USEPA set a new national ambient air quality standard for ozone on Thursday that, while significantly lower than the previous standard, is at the high end of the range discussed during the regulatory development process.

USEPA set the new limit of 70 parts per billion for ground-level ozone, down from the current level of 75 parts per billion. In a draft released in 2014, the agency proposed a standard between 65 and 70 parts per billion.

Ozone is created by emissions of nitrogen oxides and volatile organic compounds. Exposure to ground-level ozone can exacerbate respiratory problems, particularly for at-risk groups including children, older adults, and people of all ages who have lung diseases such as asthma.

USEPA projects that most U.S. counties will meet the standards by 2025 with federal and state programs now in place or underway.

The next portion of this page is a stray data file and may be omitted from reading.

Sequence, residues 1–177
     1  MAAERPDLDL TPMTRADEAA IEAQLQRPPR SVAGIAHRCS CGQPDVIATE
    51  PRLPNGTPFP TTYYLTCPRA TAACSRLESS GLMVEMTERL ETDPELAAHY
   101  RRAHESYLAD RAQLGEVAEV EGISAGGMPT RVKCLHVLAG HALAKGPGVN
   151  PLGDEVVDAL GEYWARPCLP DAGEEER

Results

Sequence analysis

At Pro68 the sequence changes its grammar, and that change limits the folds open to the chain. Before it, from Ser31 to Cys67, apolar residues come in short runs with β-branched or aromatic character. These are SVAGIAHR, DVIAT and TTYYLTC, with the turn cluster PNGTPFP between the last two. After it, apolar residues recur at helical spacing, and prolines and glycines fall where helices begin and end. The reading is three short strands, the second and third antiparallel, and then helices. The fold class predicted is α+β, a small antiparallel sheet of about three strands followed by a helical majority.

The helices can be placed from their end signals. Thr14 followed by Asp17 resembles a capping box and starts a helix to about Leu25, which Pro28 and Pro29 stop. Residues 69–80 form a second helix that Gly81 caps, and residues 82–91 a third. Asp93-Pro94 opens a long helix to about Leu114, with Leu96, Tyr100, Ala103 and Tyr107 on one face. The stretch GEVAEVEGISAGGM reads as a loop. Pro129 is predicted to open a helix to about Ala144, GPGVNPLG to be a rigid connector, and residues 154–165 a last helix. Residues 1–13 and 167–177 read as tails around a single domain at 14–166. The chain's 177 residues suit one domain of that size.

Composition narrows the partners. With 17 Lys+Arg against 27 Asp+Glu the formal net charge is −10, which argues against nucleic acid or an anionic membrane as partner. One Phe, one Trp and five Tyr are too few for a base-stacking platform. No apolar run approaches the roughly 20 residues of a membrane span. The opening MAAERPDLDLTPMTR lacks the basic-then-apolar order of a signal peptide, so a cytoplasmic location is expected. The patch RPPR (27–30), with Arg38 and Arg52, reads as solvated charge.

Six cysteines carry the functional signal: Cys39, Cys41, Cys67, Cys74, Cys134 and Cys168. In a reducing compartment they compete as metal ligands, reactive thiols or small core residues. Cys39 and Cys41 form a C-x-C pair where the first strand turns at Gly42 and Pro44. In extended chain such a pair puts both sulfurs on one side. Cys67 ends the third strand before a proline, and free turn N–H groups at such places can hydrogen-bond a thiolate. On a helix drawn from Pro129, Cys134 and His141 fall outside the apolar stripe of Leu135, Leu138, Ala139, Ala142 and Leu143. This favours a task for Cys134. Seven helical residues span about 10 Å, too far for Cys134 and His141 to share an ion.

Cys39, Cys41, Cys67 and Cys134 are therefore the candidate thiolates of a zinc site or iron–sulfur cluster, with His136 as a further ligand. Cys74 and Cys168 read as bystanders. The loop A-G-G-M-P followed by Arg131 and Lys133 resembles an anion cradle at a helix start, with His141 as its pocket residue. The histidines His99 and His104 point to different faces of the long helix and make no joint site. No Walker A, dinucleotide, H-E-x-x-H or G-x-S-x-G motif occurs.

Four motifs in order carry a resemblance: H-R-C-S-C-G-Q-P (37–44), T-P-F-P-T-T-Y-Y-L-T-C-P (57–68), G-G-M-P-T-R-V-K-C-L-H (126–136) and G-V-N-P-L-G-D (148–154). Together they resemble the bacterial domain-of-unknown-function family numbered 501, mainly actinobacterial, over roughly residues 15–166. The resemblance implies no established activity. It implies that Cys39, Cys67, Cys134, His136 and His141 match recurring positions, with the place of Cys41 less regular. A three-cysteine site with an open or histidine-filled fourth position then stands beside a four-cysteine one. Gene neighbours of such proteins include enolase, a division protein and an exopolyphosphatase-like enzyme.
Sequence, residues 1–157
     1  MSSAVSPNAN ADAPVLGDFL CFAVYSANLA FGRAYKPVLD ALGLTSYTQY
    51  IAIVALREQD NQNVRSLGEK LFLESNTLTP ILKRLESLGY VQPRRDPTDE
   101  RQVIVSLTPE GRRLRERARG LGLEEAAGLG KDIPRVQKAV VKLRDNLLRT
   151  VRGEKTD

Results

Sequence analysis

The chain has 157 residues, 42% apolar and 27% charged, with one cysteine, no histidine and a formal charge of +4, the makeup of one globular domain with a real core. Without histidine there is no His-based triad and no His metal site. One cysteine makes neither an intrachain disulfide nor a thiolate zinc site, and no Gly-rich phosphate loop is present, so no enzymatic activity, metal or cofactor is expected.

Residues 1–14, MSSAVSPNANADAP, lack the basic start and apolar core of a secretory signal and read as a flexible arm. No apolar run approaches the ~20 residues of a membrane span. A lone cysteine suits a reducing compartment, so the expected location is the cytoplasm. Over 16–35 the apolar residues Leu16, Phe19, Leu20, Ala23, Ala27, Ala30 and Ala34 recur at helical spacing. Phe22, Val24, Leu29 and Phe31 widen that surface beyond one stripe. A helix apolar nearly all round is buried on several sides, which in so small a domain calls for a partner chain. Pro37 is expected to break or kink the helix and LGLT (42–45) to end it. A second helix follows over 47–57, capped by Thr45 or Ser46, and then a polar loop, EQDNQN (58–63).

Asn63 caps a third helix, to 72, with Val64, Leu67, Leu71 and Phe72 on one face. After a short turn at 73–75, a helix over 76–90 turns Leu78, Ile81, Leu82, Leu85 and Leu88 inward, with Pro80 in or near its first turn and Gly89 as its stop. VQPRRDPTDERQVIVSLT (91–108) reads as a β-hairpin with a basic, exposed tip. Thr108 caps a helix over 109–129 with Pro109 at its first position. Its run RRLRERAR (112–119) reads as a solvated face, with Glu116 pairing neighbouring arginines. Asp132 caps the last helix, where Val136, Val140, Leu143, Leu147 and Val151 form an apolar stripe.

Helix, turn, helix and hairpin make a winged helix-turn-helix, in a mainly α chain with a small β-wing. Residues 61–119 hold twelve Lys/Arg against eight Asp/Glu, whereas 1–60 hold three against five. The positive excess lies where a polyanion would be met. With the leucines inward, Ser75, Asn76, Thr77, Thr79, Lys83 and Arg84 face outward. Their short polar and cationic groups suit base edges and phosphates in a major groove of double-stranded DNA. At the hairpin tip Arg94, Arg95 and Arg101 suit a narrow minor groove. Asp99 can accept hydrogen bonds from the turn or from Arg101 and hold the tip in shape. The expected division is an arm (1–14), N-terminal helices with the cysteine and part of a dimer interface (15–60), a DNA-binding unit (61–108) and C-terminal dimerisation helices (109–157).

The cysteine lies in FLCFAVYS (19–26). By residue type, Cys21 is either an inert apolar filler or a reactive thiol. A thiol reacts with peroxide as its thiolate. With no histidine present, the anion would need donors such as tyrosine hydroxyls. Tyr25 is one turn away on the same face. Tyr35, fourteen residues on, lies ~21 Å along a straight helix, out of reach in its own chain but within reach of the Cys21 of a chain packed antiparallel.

In announcing the new standard, USEPA Administrator Gina McCarthy said that clinical data show that 72 parts per billion “is the lowest ozone exposure that causes adverse health effects in healthy, exercising adults.”

From there, she decided to add in a “margin of safety” to protect at-risk populations, including children, the elderly and those suffering from heart and lung diseases. Setting the level at 70 parts per billion “will essentially eliminate exposures to the levels that clinical studies clearly show are harmful,” McCarthy said.

McCarthy said the final judgment was hers, and she aimed to set a standard that was “not too high and not too low. It’s very challenging. There’s no bright line.”

Over 90% of counties with ozone monitors are meeting the current 75-parts-per-billion limit, according to an EPA spokeswoman. USEPA expects that by 2025 only 14 counties of 3,000 in the US will not meet the new standard.